Monthly Archives: March 2014

Evolution of Code

March 27, 2014
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Recently while scraping some data from the college football data warehouse site, I started to realize the evolution of my code. To preface this, I am definitely not a trained programmer, just a self taught junky who enjoys doing it when I have time. ...

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Seasonal Unit Roots

March 26, 2014
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Seasonal Unit Roots

As discussed in the MAT8181 course, there are – at least – two kinds of non-stationary time series: those with a trend, and those with a unit-root (they will be called integrated). Unit root tests cannot be used to assess whether a time series is stationary, or not. They can only detect integrated time series. And the same holds...

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Visualising Pandas DataFrames With IPythonBlocks – Proof of Concept

March 26, 2014
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Visualising Pandas DataFrames With IPythonBlocks – Proof of Concept

A few weeks ago I came across IPythonBlocks, a Python library developed to support the teaching of Python programming. The library provides an HTML grid that can be manipulated using simple programming constructs, presenting the outcome of the operations in a visually meaningful way. As part of a new third level OU course we’re putting

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Give your R charts that Wes Anderson style

March 26, 2014
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Give your R charts that Wes Anderson style

I'm a big fan of Wes Anderson's movies. I love the quirky characters and stories, the distinctive cinematography, and the unique visual style. Now you can bring some of that style to your own R charts, by making use of these Wes Anderson inspired palettes. Just choose your favourite Wes Anderson film or short: Install the wesanderson pallettes package,...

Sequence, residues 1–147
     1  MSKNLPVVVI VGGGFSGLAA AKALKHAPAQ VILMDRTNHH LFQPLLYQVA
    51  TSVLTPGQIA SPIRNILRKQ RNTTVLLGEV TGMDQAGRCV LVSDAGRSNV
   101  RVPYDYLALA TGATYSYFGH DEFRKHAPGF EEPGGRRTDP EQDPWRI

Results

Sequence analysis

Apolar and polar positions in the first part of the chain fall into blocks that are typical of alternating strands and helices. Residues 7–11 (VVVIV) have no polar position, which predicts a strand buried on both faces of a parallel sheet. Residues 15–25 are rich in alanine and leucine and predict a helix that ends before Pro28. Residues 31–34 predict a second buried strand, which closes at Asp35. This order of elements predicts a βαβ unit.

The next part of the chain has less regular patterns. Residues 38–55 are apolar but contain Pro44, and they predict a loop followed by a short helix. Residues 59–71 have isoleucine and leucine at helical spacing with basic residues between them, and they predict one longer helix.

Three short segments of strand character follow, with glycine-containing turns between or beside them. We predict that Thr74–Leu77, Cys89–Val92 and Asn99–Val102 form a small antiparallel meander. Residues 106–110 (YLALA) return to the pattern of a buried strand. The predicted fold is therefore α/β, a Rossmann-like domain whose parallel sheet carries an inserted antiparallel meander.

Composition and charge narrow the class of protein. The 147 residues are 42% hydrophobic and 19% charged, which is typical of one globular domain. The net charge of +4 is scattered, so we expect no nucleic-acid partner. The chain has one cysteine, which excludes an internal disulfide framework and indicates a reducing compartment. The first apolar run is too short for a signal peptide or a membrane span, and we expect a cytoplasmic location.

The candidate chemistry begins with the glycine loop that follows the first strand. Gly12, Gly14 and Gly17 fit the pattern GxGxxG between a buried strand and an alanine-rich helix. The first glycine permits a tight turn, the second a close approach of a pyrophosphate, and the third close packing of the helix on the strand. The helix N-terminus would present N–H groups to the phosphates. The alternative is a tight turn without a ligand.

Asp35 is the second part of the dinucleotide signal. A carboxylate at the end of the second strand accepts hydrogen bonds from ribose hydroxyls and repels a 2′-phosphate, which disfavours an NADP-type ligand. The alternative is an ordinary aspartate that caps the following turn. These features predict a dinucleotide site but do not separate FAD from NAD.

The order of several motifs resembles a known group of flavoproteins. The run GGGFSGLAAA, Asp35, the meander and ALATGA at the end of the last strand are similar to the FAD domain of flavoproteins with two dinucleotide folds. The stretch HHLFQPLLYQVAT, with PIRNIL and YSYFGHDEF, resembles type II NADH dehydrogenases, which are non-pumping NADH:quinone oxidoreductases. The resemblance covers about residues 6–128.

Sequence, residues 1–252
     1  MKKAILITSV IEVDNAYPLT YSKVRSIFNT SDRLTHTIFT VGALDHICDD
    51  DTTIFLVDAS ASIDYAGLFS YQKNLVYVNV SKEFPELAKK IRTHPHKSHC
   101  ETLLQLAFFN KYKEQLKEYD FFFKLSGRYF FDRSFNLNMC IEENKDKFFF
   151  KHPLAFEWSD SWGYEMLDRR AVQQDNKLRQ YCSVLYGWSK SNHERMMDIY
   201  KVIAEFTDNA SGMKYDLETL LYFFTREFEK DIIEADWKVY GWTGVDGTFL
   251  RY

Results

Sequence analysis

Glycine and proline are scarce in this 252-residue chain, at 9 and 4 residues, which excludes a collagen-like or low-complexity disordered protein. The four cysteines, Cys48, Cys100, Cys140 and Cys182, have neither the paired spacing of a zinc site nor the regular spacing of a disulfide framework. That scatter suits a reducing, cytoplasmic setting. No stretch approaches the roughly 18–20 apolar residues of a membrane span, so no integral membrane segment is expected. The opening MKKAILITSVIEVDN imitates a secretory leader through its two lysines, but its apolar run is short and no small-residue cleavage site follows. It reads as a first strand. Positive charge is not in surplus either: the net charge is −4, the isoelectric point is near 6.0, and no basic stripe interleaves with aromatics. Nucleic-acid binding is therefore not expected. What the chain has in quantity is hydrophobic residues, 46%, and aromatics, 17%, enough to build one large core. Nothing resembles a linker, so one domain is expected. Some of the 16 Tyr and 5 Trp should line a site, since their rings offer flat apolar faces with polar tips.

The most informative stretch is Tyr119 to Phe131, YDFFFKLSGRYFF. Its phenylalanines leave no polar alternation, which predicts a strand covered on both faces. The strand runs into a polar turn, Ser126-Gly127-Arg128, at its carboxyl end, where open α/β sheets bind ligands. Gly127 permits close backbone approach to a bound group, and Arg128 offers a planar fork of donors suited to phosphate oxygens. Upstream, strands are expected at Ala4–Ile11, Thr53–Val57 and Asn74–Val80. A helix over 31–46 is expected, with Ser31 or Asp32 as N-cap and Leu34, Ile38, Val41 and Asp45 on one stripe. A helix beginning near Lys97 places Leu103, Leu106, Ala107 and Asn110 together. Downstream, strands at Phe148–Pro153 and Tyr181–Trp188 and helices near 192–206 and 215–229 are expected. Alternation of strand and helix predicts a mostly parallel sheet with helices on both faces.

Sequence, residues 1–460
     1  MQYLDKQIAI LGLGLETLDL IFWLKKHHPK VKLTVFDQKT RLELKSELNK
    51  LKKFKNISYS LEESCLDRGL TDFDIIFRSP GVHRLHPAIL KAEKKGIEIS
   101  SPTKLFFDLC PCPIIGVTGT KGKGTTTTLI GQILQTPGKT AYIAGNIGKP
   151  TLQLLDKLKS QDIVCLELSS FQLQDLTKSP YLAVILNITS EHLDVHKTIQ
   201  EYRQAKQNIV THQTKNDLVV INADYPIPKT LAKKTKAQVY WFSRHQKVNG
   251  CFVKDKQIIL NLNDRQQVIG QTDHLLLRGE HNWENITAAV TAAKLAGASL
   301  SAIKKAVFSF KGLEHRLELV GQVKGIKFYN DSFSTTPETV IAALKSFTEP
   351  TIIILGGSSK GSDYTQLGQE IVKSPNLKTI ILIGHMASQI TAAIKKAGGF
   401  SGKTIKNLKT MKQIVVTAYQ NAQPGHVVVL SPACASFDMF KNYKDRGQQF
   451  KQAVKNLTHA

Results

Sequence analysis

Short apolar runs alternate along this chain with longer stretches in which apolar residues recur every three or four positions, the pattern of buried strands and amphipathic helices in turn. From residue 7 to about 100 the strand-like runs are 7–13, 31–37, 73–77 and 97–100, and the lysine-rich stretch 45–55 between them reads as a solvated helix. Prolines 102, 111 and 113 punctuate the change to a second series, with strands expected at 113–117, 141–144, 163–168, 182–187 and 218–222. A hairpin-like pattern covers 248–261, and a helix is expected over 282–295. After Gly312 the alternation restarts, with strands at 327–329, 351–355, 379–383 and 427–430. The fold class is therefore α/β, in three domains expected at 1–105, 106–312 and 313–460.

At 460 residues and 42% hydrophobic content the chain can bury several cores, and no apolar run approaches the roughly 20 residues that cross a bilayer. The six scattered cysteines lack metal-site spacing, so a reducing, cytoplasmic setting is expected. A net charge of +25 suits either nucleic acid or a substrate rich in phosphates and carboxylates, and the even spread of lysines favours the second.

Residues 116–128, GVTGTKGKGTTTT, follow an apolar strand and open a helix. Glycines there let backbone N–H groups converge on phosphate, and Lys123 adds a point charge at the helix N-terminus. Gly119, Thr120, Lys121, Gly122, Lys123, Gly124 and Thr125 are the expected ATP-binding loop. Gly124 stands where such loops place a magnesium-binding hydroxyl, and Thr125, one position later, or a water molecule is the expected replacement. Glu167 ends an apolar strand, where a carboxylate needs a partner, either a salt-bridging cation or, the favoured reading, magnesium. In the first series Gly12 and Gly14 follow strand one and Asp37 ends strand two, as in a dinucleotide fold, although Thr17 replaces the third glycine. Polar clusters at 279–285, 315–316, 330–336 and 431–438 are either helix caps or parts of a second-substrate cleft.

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Using R: quickly calculating summary statistics (with dplyr)

March 26, 2014
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Using R: quickly calculating summary statistics (with dplyr)

I know I’m on about Hadley Wickham‘s packages a lot. I’m not the president of his fanclub, but if there is one I’d certainly like to be a member. dplyr is going to be a new and improved ddply: a package that applies functions to, and does other things to, data frames. It is also

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MCMC for Econometrics Students – Part IV

March 26, 2014
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MCMC for Econometrics Students – Part IV

This is the fourth in a sequence of posts designed to introduce econometrics students to the use of Markov Chain Monte Carlo (MCMC, or MC2) simulation methods for Bayesian inference. The first three posts can be found here, here, and here, and I'll assume that you've read them already. The emphasis throughout is on the...

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CpG Island shelves

March 26, 2014
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Nowadays, regions with relatively lower CpG density are gaining importance in DNA methylation studies. This is based on the fact that a majority of CpG rich regions (CpG islands) are non-dynamic and less variant in terms of methylation status probed ac...

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How to open an SPSS file into R

March 26, 2014
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R is a powerful system for statistical analysis and data visualization. However, it’s not exactly user-friendly for data storage, so, still for several time your data will be archived using Excel, SPSS or similar programs. How to open into R … Continue reading →

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Accessing iNaturalist data

March 26, 2014
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Accessing iNaturalist data

The iNaturalist project is a really cool way to both engage people in citizen science and collect species occurrence data. The premise is pretty simple, users download an app for their smartphone, and then can easily geo reference any specimen they see, uploading it to the iNaturalist website. It let's users turn casual observations into meaningful...

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RProtoBuf 0.4.1

March 25, 2014
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A new bug-fix release release 0.4.1 of RProtoBuf, is now on CRAN. RProtoBuf provides GNU R bindings for the Google Protocol Buffers ("Protobuf") data encoding library used and released by Google, and deployed as a language and operating-system agno...

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